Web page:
Hazardous wastes (1 - 10 of 155 items)
Hazardous Waste Cleanup: Numbers of Contaminated Federal Sites, Estimated Costs, and EPA's Oversight Role
GAO-15-830T: Published: Sep 11, 2015. Publicly Released: Sep 11, 2015.
The Departments of Agriculture (USDA), the Interior, Defense (DOD), and Energy (DOE) have identified thousands of contaminated and potentially contaminated sites on land they manage but do not have a complete inventory of sites, in particular, for abandoned mines. GAO reported in January 2015 that USDA had identified 1,491 contaminated sites and many potentially contaminated sites. However, USDA d...
Hazardous Waste: Agencies Should Take Steps to Improve Information on USDA's and Interior's Potentially Contaminated Sites
GAO-15-35: Published: Jan 16, 2015. Publicly Released: Feb 13, 2015.
The U.S. Department of Agriculture (USDA) and the Department of the Interior (Interior) have identified many contaminated and potentially contaminated sites, but neither agency has a complete inventory. As of April 2014, USDA had identified 1,491 contaminated sites and many potentially contaminated sites, including landfills and shooting ranges. However, USDA does not have a reliable, centralized...
Nuclear Material: DOE's Depleted Uranium Tails Could Be a Source of Revenue for the Government
GAO-11-752T: Published: Jun 13, 2011. Publicly Released: Jun 13, 2011.
Since the 1940s, the Department of Energy (DOE) has been processing natural uranium into enriched uranium, which has a higher concentration of the isotope uranium-235 that can be used in nuclear weapons or reactors. This has resulted in over 700,000 metric tons of leftover depleted uranium, also known as "tails," that have varying residual concentrations of uranium-235. The tails are stored at DOE...
Nuclear Waste: Disposal Challenges and Lessons Learned from Yucca Mountain
GAO-11-731T: Published: Jun 1, 2011. Publicly Released: Jun 1, 2011.
The United States has generated over 75,000 metric tons of spent nuclear fuel and high-level nuclear waste--extremely hazardous substances--at 80 sites in 35 states and is expected to more than double that amount by 2055. The Nuclear Waste Policy Act of 1982 (NWPA) required the Department of Energy (DOE) to investigate a geologic repository for nuclear waste. In 1987, Congress amended NWPA to dire...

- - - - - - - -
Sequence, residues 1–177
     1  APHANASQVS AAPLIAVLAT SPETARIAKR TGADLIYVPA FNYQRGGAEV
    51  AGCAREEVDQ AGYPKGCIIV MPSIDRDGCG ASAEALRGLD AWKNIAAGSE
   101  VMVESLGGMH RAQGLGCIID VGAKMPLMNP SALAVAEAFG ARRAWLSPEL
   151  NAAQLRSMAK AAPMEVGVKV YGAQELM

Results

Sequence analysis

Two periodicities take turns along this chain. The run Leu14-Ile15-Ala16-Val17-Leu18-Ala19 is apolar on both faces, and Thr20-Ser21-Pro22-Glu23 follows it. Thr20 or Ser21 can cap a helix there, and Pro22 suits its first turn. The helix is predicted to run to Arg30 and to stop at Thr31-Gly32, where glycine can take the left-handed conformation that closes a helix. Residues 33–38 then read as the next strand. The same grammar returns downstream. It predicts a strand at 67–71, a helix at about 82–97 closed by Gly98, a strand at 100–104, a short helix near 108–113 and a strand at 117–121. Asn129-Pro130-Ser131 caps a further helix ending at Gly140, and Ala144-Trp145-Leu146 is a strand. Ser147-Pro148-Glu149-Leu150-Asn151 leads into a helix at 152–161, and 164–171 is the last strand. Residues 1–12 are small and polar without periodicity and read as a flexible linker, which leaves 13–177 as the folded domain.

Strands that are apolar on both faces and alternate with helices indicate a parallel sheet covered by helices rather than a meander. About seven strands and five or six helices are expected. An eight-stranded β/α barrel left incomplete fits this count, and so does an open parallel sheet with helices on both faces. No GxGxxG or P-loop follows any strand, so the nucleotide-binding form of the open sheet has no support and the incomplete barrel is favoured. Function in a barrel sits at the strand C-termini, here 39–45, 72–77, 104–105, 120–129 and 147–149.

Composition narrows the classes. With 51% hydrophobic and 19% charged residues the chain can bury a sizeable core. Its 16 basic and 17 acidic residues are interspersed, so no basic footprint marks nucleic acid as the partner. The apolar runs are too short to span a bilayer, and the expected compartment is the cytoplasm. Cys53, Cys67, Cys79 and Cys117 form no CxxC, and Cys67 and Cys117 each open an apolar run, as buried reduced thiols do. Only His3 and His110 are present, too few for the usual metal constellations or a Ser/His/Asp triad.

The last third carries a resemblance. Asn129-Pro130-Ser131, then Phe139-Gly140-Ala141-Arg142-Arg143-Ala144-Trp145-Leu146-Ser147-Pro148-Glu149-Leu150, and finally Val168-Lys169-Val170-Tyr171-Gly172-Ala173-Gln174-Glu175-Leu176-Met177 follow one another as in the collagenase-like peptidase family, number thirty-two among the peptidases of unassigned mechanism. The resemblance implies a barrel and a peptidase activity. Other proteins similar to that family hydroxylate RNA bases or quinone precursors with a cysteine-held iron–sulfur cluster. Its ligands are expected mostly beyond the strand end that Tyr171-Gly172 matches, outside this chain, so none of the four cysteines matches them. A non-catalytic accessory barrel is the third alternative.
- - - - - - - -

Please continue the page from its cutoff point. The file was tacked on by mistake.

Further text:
Superfund: Interagency Agreements and Improved Project Management Needed to Achieve Cleanup Progress at Key Defense Installations
GAO-10-348: Published: Jul 15, 2010. Publicly Released: Aug 16, 2010.
Before the passage of federal environmental legislation in the 1970s and 1980s, Department of Defense (DOD) activities contaminated millions of acres of soil and water on and near DOD sites. The Environmental Protection Agency (EPA) has certain oversight authorities for cleaning up contaminants on federal property, and has placed 1,620 of the most contaminated sites--including 141 DOD installation...
Superfund: Information on Cost and Other Issues Related to the Cleanup of the Federal Creosote Site
GAO-10-277: Published: Feb 25, 2010. Publicly Released: Mar 29, 2010.
In the 1990s, creosote was discovered under a residential neighborhood in Manville, New Jersey. Creosote, a mixture of chemicals, is used to preserve wood products, such as railroad ties. Some of the chemicals in creosote may cause cancer, according to the Environmental Protection Agency (EPA). EPA found that creosote from a former wood-treatment facility (known as the Federal Creosote site) had c...
Environmental Contamination: Information on the Funding and Cleanup Status of Defense Sites
GAO-10-547T: Published: Mar 17, 2010. Publicly Released: Mar 17, 2010.
Under the Defense Environmental Restoration Program (DERP), the Department of Defense (DOD) is responsible for cleaning up about 5,400 sites on military bases that have been closed under the Base Realignment and Closure (BRAC) process, as well as 21,500 sites on active bases and over 4,700 formerly used defense sites (FUDS), properties that DOD owned or controlled and transferred to other parties...
Chemical Regulation: Observations on Improving the Toxic Substances Control Act
GAO-10-292T: Published: Dec 2, 2009. Publicly Released: Dec 2, 2009.
The Environmental Protection Agency (EPA) is authorized under the Toxic Substances Control Act (TSCA) to obtain information on the risks of chemicals and to control those that it determines to pose an unreasonable risk. EPA also conducts assessments of chemicals under its Integrated Risk Information System (IRIS) program. Nonetheless, EPA does not have sufficient information to determine whether i...
Nuclear Waste Management: Key Attributes, Challenges, and Costs for the Yucca Mountain Repository and Two Potential Alternatives
GAO-10-48: Published: Nov 4, 2009. Publicly Released: Dec 2, 2009.
High-level nuclear waste--one of the nation's most hazardous substances--is accumulating at 80 sites in 35 states. The United States has generated 70,000 metric tons of nuclear waste and is expected to generate 153,000 metric tons by 2055. The Nuclear Waste Policy Act of 1982, as amended, requires the Department of Energy (DOE) to dispose of the waste in a geologic repository at Yucca Mountain, ab...
Superfund: Greater EPA Enforcement and Reporting Are Needed to Enhance Cleanup at DOD Sites
GAO-09-278: Published: Mar 13, 2009. Publicly Released: Apr 16, 2009.
Prior to the 1980s and the passage of environmental legislation--particularly the Comprehensive Environmental Response, Compensation, and Liability Act (CERCLA) governing environmental cleanup--Department of Defense (DOD) activities contaminated millions of acres of soil and water on and near DOD sites. The Environmental Protection Agency (EPA), which enforces CERCLA, places the most contaminated...